A. Die RollIf the maximum of Yakko's and Wakko's points is a, then Dot will win, if she has not less than a points. So the probability of her win is (6 - (a-1)) / 6. Since there are only 6 values for a, you can simply hardcode the answers.
ti that the Student will need, if he gets off the bus at the i-th stop: ti = bi + si, where bi = xi / vb is the time he will drive on the bus, and is the time he will need to get from the i-th stop to the University. We need to choose indices with minimal possible ti, and among them - the index with minimal possible si, that is, with maximal bi, that is (since the coordinates of bus stops are already ordered) with maximal i.
Note that due to precision issues, you should be careful when you compare ti: the condition ti = tj should be written in the form |ti - tj| < ε for some small ε.
Note, however, that all good numbers have at most 10 digits, and each of the digits is 0 or 1. That is, there are at most 210 binary strings to check. Each of these strings is a number from 1 to 210 - 1 in binary representation. So the algorithm is the following: for each number from 1 to 210 - 1 write its binary representation, read it as if it was decimal representation and compare the result to n.
tnh the number of binary search trees on n nodes with height equal to h. We will derive a recurrent formula for tnh. For the base case note that t00 = 1 (empty tree), and ti0 = t0i = 0 if i>0.
Now take any binary search tree on n nodes with height equal to h. Let m be the number written at its root, 1 ≤ m ≤ n. The left subtree is a binary search tree on m-1 nodes, and the right subtree is a binary search tree on n-m nodes. The maximal of their heights must be equal to h-1. Consider 2 subcases:
1. The height of the left subtree is equal to h-1. There are tm - 1, h - 1 such trees. The right subtree can have any height from 0 to h-1, so there are such trees. Since we can choose left and right subtrees independently, we have variants in this case.
2. The height of the left subtree is less than h-1. There are such trees, and the right subtree must have height exactly h-1, which gives us totally variants.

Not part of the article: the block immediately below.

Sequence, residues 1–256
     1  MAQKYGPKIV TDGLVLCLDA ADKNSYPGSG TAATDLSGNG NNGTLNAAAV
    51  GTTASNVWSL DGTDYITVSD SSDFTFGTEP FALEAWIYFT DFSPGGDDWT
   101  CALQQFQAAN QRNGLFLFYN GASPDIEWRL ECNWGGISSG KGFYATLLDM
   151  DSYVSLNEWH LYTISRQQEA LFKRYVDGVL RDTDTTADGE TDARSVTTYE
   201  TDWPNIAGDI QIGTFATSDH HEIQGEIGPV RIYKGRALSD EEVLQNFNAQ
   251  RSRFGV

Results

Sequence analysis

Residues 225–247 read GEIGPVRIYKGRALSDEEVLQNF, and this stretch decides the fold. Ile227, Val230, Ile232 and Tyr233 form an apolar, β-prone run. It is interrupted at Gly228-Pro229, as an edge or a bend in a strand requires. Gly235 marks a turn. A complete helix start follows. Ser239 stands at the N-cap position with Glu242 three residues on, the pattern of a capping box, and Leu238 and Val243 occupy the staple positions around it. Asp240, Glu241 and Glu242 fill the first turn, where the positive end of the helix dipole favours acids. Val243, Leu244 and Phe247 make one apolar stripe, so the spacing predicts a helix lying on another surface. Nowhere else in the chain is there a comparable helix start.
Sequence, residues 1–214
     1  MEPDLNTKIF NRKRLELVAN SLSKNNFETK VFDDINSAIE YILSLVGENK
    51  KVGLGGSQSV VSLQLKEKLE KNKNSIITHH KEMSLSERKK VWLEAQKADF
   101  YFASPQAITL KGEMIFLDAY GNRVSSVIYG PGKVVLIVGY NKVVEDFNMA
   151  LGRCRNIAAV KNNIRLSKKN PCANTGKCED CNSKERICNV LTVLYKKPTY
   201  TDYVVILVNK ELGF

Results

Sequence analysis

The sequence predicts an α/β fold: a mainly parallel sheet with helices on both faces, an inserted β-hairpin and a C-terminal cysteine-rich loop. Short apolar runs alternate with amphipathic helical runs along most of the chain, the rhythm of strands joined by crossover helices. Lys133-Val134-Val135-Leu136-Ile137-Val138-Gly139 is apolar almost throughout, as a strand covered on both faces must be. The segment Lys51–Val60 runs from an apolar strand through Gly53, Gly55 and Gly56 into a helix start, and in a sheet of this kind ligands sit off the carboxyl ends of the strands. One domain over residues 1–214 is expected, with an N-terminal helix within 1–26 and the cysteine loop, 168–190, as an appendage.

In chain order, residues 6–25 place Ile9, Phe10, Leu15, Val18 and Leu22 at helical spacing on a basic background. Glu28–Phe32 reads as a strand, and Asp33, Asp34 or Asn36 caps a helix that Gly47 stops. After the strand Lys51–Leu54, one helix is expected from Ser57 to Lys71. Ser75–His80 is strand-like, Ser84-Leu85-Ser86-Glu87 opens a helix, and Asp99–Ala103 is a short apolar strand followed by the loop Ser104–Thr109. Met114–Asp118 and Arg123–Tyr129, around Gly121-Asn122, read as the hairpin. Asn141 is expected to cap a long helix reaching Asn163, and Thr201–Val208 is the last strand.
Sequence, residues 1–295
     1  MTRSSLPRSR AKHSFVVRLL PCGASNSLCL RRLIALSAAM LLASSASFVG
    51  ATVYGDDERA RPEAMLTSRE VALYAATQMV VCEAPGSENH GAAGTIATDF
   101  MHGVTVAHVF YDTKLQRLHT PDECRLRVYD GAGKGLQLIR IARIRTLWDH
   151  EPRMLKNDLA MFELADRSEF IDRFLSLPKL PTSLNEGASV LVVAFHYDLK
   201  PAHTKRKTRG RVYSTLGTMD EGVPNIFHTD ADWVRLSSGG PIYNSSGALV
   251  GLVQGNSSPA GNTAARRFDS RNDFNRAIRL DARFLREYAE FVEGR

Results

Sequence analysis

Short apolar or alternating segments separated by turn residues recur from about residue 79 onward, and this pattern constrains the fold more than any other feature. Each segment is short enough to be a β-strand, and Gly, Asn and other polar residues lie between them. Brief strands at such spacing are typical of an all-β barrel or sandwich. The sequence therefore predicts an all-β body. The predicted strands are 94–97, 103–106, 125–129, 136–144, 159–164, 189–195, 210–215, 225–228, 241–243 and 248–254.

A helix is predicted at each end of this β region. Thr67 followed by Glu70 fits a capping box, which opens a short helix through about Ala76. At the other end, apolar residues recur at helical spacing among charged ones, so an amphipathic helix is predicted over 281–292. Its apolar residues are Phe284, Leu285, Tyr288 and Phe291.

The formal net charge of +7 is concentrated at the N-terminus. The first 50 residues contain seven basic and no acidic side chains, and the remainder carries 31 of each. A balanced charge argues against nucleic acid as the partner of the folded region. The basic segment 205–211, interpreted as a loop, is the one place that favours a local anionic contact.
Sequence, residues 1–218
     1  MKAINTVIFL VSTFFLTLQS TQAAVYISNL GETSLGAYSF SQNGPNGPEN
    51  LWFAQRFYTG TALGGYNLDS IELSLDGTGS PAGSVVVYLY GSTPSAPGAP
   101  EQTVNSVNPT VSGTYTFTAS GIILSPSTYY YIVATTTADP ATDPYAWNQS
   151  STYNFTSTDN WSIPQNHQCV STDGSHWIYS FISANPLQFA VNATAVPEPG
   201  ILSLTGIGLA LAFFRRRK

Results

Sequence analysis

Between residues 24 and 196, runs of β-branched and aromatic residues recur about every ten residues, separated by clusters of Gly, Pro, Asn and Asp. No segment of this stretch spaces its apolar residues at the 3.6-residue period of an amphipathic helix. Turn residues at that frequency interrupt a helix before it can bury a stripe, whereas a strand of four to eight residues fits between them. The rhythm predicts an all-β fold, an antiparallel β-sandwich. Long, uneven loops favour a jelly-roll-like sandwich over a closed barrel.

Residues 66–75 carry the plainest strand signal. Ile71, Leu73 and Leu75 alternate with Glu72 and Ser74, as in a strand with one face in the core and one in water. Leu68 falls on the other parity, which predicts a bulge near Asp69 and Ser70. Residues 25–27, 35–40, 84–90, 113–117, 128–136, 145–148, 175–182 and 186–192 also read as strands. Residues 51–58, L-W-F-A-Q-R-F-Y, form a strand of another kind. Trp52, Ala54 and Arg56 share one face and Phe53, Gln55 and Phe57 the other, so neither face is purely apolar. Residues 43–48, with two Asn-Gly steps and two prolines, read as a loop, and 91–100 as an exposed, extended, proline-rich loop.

So the recurrent formula is the following: .
All the values tnh can be calculated by dynamic programming. The answer, then, is .
A graph is a funny ring if and only if the following conditions hold:
A1. The degree of each vertex equals 2.
A2. The graph is connected.
Now let's figure out when a graph is not yet a funny ring, but can be transformed into a funny ring by adding edges. There are obvious necessary conditions:
B1. m < n.
B2. There are no cycles.
B3. The degree of each vertex is not more than 2.
Let's add edges so that these conditions were preserved, and the sequence of edges was lexicographically minimal. So, we add an edge (i,j) such that:
1. The degrees of i and j are less than 2. (Otherwise we would break B3).
2. i and j belong to different connected components. (Otherwise we would break B2).
3. The pair (i,j) is lexicographically minimal.
Let's see what we have when we can't add edges anymore. Since there are no cycles, each connected component is a tree, and therefore has at least one vertex with degree less than 2. If there are two connected components, then they could be connected by an edge without breaking B1-B3. So the graph is connected, has no cycles, and the degree of each vertex is not more than 2. This means that the obtained graph is just a walk and we can connect its end points to obtain a funny ring.
To summarize, the algorithm is the following:
1. Check if A1-A2 hold. If yes, output "YES" and 0.
2. Check if B1-B3 hold. If no, output "NO".
3. Output "YES" and n-m.
4. Add edges as described. When the edge (i,j) is added, output "i j".
5. Find the only vertices i and j with degree less than 2 (they can be equal if n=1). Output "i j".